"But your first duty is to your mother. _She_ needs you. She implores you t_ome home—she will forgive everything if you will only come home."
"That's a pretty little thought," remarked Abel meditatively, as he groun_ome tobacco up in his hand.
Dr. Stalling ignored him.
"She entreats, but I, Miss Stirling,"—Dr. Stalling remembered that he was a_mbassador of Jehovah—" _I command._ As your pastor and spiritual guide, _ommand you to come home with me—this very day. Get your hat and coat and com_now_."
Dr. Stalling shook his finger at Valancy. Before that pitiless finger sh_rooped and wilted visibly.
"She's giving in," thought Roaring Abel. "She'll go with him. Beats all, th_ower these preacher fellows have over women."
Valancy _was_ on the point of obeying Dr. Stalling. She must go home wit_im—and give up. She would lapse back to Doss Stirling again and for her fe_emaining days or weeks be the cowed, futile creature she had always been. I_as her fate—typified by that relentless, uplifted forefinger. She could n_ore escape from it than Roaring Abel from his predestination. She eyed it a_he fascinated bird eyes the snake. Another moment—
_"Fear is the original sin,"_ suddenly said a still, small voice awa_ack—back—back of Valancy's consciousness. _"Almost all the evil in the worl_as its origin in the fact that some one is afraid of something."_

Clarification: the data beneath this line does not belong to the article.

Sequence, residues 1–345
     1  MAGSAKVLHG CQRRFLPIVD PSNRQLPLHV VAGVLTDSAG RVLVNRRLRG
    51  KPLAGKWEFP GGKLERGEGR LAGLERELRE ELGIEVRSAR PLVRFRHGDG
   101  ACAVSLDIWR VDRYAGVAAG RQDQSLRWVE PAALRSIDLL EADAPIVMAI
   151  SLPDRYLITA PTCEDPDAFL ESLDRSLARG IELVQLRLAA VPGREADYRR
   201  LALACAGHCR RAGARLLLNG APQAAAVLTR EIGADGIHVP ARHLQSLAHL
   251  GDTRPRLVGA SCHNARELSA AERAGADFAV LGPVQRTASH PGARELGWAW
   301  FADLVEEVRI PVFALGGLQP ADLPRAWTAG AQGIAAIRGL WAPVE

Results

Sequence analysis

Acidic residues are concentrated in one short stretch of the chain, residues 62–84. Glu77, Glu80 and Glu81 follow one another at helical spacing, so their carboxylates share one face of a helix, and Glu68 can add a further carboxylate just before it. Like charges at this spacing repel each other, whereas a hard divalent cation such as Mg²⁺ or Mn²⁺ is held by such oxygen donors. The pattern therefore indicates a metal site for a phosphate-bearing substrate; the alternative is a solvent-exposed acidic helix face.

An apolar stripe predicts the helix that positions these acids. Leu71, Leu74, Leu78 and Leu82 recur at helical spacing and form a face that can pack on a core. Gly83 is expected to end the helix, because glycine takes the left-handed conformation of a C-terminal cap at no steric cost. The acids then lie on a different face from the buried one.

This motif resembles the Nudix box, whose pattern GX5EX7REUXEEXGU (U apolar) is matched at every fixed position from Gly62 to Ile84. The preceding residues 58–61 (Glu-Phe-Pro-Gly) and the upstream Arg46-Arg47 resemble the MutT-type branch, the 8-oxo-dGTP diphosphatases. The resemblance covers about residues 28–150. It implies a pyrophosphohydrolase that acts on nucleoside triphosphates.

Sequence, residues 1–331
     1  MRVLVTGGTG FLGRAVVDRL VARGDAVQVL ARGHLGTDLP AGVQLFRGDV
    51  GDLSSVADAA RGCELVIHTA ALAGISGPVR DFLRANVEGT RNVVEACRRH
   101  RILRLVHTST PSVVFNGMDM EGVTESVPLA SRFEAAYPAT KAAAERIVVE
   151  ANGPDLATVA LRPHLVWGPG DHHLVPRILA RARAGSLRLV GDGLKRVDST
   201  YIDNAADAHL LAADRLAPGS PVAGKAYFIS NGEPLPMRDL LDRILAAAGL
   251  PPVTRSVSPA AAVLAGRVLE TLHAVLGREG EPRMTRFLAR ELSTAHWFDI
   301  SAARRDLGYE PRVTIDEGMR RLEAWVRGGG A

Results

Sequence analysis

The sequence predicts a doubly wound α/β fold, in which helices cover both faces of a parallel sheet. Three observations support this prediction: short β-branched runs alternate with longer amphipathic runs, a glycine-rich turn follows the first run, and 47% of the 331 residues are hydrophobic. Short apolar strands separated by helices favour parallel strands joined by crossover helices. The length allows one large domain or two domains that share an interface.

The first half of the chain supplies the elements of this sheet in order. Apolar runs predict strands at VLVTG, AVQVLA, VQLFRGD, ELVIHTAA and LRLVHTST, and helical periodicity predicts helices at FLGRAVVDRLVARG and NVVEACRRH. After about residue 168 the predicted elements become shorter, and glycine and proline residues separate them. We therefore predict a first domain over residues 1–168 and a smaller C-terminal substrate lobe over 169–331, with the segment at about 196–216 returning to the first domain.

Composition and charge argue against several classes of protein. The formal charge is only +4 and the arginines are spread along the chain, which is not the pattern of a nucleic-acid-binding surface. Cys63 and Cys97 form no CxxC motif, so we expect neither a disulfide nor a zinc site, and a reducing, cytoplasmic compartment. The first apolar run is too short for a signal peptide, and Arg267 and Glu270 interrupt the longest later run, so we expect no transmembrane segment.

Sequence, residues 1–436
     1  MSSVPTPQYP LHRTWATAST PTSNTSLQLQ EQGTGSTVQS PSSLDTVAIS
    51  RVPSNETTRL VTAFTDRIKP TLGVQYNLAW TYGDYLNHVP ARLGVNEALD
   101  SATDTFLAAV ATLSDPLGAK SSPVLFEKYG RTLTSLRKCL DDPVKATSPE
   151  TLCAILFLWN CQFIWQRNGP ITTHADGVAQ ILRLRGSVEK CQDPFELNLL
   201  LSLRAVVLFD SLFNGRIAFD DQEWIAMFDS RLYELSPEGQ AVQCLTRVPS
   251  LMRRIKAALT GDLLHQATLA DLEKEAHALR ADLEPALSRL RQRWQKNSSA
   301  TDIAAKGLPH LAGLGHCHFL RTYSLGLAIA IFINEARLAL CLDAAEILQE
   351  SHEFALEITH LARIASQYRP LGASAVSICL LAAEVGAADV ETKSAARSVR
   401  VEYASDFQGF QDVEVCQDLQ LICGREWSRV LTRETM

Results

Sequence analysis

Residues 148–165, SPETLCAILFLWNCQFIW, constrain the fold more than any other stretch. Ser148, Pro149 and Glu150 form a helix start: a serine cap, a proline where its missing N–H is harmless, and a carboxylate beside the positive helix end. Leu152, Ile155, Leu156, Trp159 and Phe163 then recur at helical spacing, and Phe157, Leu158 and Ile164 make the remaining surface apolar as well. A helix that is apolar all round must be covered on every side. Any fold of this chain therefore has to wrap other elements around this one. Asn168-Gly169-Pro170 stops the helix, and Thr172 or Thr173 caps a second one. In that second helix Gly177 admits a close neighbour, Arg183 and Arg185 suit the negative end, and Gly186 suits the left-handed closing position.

Valancy stood up. She was still in the clutches of fear, but her soul was he_wn again. She would not be false to that inner voice.
"Dr. Stalling," she said slowly, "I do not at present owe _any_ duty to m_other. She is quite well; she has all the assistance and companionship sh_equires; she does not need me at all. I _am_ needed here. I am going t_tay here."
"There's spunk for you," said Roaring Abel admiringly.
Dr. Stalling dropped his forefinger. One could not keep on shaking a finge_orever.
"Miss Stirling, is there _nothing_ that can influence you? Do you remembe_our childhood days—"
"Perfectly. And hate them."
"Do you realise what people will say? What they _are_ saying?"
"I can imagine it," said Valancy, with a shrug of her shoulders. She wa_uddenly free of fear again. "I haven't listened to the gossip of Deerwoo_eaparties and sewing circles twenty years for nothing. But, Dr. Stalling, i_oesn't matter in the least to me what they say—not in the least."
Dr. Stalling went away then. A girl who cared nothing for public opinion! Ove_hom sacred family ties had no restraining influence! Who hated her childhoo_emories!
Then Cousin Georgiana came—on her own initiative, for nobody would hav_hought it worth while to send her. She found Valancy alone, weeding th_ittle vegetable garden she had planted, and she made all the platitudinou_leas she could think of. Valancy heard her patiently. Cousin Georgiana wasn'_uch a bad old soul. Then she said:
"And now that you have got all that out of your system, Cousin Georgiana, ca_ou tell me how to make creamed codfish so that it will not be as thick a_orridge and as salt as the Dead Sea?"
* * * * * * * *
"We'll just have to _wait_ ," said Uncle Benjamin. "After all, Cissy Ga_an't live long. Dr. Marsh tells me she may drop off any day."
Mrs. Frederick wept. It would really have been so much easier to bear i_alancy had died. She could have worn mourning then.